The first buds were just appearing on the trees, and it looked like spring, even though the wind blowing off the mountains told us that it wasn’t!

For us, Glen Lyon more than lived up to its reputation.

Snowy mountains (3)

Waterfall and old bridge

Afterwards, we made our way back down the glen (it’s a no-through road) and visited the lovely churchyard of Fortingall, where there is an ancient yew tree.

Fortingall Yew (1)

I’ve just published a new feature about the Fortingall Yew on The Hazel Tree – this incredible tree is believed to be at least 5,000 years old, and it has some fascinating history and folklore attached to it.

Just a little further along we found three clusters of standing stones in a field;  and the sudden sighting of a ruined tower house also caused a sudden stop, because it was just so romantic and picturesque.

It is going to be very hard to choose the best photos!   I hope you enjoy them.

Photos copyright © Colin & Jo Woolf

Posted in Outdoors, Photography, Wildlife & nature | Tagged , , , , , , , , , | 20 Comments

11th March – Falkland Palace and St Andrews

Where do I start?   Two spectacular places in one day!

If you ever need reminding that Scotland boasts some of the finest historical sites in the world, take a look at these two amazing properties.   Falkland Palace, gilded playground and hunting lodge of the Stewart kings, in the little town of Falkland in Fife…

Falkland Palace 1 …and the breathtaking Cathedral and St Rule’s Tower at St Andrews, a place of worship and pilgrimage since the 8th century.

St Andrews 1Unbelievably, at Falkland Palace, I played tennis on the oldest tennis court in the world, where Mary Queen of Scots once played.   Strictly speaking, I hit a few balls around and tried to get to grips with the weird racquet, even weirder rules and non-bouncing balls… but what a thing to be able to do!    The gardens are only just coming back to life but the lawns were studded with crocuses, and we enjoyed ourselves getting some unusual and creative shots.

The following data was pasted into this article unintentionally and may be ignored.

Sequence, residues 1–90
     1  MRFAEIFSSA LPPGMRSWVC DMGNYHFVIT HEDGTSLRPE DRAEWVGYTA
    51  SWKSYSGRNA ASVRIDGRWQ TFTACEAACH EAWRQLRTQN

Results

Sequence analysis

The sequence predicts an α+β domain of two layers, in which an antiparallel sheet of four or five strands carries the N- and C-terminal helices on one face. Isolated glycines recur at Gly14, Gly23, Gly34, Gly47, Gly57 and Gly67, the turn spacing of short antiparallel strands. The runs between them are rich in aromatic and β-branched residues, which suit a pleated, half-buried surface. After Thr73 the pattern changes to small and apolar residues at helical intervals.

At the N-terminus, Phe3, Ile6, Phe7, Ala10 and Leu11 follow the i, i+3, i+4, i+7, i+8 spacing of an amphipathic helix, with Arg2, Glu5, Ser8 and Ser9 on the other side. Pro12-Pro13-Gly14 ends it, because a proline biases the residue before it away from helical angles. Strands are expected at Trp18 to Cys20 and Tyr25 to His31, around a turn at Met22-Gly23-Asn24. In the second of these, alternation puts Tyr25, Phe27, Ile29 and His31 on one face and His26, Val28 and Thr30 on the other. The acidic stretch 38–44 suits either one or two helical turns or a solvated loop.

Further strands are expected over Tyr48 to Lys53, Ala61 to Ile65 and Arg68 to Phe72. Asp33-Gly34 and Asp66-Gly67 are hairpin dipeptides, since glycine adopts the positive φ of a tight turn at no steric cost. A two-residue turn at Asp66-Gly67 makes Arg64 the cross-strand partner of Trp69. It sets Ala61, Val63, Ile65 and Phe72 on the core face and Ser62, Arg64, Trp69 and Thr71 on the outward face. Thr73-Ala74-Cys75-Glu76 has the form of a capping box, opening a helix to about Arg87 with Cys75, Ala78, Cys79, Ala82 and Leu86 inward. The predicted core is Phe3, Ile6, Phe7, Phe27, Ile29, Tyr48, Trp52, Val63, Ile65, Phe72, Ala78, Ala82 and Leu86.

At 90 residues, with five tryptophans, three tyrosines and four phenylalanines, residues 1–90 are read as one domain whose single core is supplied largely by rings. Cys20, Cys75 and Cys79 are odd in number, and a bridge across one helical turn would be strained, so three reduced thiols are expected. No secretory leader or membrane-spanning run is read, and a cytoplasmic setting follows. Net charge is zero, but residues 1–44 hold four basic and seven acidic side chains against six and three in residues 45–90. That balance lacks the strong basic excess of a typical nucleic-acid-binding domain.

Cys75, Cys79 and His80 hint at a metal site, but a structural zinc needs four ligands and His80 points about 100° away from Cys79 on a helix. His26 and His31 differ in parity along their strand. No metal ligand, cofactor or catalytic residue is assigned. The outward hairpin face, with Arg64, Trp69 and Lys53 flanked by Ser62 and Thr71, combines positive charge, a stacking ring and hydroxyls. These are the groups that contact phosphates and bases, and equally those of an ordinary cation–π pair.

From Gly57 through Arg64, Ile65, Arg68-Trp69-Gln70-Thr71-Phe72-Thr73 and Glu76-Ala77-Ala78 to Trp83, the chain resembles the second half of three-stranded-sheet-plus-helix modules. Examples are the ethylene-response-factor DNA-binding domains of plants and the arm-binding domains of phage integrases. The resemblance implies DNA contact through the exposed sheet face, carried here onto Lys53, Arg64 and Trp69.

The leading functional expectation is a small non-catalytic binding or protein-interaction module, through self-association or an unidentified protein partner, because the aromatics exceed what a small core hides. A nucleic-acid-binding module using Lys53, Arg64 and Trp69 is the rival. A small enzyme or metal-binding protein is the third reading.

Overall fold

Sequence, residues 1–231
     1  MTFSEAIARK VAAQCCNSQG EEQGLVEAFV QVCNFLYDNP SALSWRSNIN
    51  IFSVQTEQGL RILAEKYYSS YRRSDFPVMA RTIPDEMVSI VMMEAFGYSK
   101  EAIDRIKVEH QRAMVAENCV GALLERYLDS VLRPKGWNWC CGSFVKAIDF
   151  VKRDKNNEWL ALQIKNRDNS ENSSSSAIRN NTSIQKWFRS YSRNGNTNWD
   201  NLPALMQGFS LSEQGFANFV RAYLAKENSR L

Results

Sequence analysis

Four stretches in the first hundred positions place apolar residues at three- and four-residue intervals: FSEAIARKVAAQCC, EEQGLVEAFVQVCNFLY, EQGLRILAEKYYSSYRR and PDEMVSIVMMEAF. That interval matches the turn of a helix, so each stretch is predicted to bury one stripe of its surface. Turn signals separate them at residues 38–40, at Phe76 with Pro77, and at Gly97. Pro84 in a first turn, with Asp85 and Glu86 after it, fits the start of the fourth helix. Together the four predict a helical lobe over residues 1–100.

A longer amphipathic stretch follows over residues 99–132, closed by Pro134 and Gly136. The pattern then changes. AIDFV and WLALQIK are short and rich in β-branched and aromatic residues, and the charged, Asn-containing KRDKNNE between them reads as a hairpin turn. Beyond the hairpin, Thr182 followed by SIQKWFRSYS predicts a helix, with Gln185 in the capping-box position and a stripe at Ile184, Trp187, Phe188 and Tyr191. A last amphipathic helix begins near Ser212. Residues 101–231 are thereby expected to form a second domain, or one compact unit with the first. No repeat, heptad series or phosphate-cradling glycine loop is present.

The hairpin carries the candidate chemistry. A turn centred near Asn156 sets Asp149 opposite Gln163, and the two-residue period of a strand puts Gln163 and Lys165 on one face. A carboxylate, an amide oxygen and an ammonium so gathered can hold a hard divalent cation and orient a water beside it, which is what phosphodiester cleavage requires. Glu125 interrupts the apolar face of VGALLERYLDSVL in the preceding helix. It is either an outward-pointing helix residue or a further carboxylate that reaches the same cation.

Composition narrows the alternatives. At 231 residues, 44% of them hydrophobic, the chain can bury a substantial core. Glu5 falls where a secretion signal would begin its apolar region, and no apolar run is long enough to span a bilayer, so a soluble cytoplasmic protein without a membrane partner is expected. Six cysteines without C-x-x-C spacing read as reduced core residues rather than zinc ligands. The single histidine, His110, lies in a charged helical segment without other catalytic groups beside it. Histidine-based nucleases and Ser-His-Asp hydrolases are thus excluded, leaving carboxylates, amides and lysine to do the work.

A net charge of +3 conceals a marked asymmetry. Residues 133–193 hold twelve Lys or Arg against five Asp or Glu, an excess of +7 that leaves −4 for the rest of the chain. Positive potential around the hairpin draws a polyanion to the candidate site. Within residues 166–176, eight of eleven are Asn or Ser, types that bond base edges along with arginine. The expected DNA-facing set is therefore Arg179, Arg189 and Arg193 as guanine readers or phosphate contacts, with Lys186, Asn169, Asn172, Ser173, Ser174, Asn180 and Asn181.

Since it was such a lovely day we progressed on to St Andrews, somewhere we’ve never been before.   What a delightful town – well kept and so interesting, with lovely shops.   But the Cathedral took all my attention.    Wandering around in a daze with my eyes fixed on the wonderful east wall, I’m surprised I didn’t fall into one of the open tombs.

St Rule’s Tower posed a brief dilemma:  should I attempt to go up?   I could see people at the top, taking photos, and I so badly wanted to photograph the view.   But just in time I remembered the Scott Monument fiasco, and I didn’t.

I’ll write more about both of these wonderful places on The Hazel Tree, but meanwhile here are some of our photos.   I can’t wait to tell you about them!

Photos copyright © Colin & Jo Woolf

Posted in History, archaeology & geology, Photography, Wildlife & nature | Tagged , , , , , , , , , , , , , , | 29 Comments